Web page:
Stricter rules around qualifying for a mortgage could be coming as Canada’s banking regulator seeks feedback on several proposals to limit the number of overstreched borrowers.
The proposals out Thursday from the Office of the Superintendent of Financial Institutions (OFSI) come as part of the first stage of a wide-ranging review of the B-20 mortgage underwriting rules the regulator is conducting this year.
Potential additions to the existing stress test include limits around the amount of mortgages where the loan is more than 4.5 times the borrower’s income, measures that would limit how much debt payments could take up of someone’s monthly household income and a more nuanced approach to the existing stress test that could make affordability tests more stringent for higher-risk products like variable rate mortgages.
The review and potential additions come as OFSI said risk around loans and borrowing have increased considerably in recent years.
“Mortgage lending risks, particularly related to debt serviceability, have increased considerably since the onset of the pandemic,” the regulator said in its consultation documents.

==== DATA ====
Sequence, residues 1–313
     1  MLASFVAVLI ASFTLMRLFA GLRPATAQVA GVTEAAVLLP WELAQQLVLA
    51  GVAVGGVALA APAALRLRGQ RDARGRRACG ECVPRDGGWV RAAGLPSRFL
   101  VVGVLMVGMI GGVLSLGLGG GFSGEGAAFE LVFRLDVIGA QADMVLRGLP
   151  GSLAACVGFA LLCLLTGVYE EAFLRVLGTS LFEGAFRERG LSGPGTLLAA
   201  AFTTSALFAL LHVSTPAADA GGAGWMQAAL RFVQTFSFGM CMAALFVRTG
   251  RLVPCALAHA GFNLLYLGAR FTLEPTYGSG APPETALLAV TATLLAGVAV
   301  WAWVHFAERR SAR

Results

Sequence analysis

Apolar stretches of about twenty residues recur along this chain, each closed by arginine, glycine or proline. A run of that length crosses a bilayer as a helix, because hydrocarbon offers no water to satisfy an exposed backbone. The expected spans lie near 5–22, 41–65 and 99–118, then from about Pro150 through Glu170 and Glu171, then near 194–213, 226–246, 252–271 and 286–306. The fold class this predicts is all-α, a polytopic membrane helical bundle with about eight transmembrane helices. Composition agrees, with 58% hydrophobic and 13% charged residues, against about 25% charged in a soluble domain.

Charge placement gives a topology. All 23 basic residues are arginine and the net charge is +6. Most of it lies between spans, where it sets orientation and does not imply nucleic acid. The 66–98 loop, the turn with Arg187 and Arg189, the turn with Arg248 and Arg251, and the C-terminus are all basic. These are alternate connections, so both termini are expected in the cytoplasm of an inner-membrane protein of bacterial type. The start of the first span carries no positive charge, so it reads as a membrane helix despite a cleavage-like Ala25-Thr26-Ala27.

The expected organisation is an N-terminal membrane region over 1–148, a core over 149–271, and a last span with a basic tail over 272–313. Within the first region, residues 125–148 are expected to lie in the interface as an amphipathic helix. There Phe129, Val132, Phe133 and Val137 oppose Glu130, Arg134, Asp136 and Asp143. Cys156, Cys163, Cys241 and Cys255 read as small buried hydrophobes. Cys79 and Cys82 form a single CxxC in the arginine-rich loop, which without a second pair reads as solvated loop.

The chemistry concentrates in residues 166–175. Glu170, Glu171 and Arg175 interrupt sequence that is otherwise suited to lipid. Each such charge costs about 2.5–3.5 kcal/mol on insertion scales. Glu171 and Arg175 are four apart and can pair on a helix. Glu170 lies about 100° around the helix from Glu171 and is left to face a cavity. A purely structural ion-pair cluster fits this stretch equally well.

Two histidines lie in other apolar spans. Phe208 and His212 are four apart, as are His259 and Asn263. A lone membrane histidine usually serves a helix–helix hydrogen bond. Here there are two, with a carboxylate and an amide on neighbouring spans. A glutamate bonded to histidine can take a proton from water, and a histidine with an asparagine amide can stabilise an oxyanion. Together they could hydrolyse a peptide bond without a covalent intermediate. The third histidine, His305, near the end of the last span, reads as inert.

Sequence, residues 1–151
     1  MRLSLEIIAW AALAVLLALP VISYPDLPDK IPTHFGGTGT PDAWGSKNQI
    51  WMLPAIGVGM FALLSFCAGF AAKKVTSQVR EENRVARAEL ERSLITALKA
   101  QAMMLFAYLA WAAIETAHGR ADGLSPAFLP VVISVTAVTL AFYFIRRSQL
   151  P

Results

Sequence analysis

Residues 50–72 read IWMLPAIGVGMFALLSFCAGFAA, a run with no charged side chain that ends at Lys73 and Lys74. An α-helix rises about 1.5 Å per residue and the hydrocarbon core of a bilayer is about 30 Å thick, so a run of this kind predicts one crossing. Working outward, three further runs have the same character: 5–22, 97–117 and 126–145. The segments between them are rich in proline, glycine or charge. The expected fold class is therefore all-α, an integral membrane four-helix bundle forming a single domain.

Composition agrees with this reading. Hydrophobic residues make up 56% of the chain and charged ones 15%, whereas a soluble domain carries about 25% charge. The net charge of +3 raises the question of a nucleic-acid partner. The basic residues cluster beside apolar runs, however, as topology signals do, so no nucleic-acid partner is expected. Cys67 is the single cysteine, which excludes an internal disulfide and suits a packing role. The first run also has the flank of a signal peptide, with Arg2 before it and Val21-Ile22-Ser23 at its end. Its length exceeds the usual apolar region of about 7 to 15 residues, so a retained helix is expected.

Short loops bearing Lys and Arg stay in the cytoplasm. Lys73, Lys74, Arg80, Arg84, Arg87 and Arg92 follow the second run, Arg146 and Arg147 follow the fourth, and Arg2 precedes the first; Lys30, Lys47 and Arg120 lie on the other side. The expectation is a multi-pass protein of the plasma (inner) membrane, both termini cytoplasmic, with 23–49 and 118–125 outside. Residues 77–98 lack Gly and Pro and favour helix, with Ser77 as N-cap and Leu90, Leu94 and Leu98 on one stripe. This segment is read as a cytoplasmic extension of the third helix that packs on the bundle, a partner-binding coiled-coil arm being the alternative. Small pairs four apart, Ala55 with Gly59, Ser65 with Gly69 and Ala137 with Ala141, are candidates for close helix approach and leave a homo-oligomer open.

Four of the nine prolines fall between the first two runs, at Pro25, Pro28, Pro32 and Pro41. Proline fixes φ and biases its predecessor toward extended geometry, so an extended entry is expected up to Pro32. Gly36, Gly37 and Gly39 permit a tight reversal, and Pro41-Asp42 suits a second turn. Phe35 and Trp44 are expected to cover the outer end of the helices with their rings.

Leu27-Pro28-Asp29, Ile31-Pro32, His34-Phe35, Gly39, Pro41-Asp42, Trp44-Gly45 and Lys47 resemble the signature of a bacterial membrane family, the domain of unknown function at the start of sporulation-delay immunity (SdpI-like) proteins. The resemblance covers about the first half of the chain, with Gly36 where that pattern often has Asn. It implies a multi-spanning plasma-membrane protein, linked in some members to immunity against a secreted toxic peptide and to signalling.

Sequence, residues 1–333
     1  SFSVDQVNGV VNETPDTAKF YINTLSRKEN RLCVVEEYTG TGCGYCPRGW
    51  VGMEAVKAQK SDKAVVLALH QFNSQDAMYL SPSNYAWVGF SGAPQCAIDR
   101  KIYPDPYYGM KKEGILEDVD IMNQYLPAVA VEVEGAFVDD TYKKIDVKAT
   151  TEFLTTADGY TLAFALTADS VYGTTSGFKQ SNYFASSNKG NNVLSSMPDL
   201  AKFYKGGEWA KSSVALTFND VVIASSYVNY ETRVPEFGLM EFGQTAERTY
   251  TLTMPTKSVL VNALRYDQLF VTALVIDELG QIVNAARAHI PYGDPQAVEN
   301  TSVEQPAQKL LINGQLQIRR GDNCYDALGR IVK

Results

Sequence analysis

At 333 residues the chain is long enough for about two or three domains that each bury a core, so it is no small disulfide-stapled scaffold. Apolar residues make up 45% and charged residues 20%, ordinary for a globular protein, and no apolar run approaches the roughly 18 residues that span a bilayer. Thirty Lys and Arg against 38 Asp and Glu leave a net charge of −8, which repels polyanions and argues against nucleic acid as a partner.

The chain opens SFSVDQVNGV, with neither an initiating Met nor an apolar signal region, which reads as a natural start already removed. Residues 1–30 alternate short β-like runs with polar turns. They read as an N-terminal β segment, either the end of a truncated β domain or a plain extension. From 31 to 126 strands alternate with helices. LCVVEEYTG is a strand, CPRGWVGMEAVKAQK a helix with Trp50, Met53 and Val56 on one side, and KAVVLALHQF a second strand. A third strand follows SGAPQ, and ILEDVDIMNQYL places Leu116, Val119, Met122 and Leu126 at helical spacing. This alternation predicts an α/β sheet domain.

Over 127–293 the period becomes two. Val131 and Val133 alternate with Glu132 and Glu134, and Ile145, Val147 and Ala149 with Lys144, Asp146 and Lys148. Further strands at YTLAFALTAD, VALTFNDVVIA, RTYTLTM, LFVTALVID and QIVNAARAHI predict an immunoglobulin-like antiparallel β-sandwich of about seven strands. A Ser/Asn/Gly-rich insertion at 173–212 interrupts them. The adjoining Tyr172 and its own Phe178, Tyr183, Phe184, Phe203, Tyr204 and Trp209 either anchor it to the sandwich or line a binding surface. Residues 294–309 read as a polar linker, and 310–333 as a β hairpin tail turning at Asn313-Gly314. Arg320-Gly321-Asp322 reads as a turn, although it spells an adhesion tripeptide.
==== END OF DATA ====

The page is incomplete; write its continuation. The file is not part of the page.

For example, the number of mortgages that have a high loan-to-income ratio, meaning a loan that’s more than 4.5 times a household income, jump to an average of 33.7 per cent of loans since the pandemic started, and topped 40 per cent in early 2022, compared with an average of 23.8 per cent in the seven years prior.
With borrowers already stressed, the regulator is concerned that inflation, potentially even higher rates to come, and warnings about a coming economic slowdown could stress borrowers and the financial system.
The regulator said the suggested additions could be implemented at either the individual loan level, or in aggregate at the lender level, which depending on the rules could allow banks and others to average out mortgages better and lead to fewer clients being forced to look at unregulated lenders.
The rules would be in addition to the existing rules around minimum qualifying rates, otherwise called the mortgage stress test, which forces borrowers to qualify for a mortgage at a 5.25 per cent interest rate, or two percentage points above the prime rate, with the higher of the two being the threshold.
Stakeholder responses to this first phase of the review are due April 14, which the regulator will then incorporate into its proposed wider revisions to B-20 that will go out for public consultations.
Ian Bickis, The Canadian Press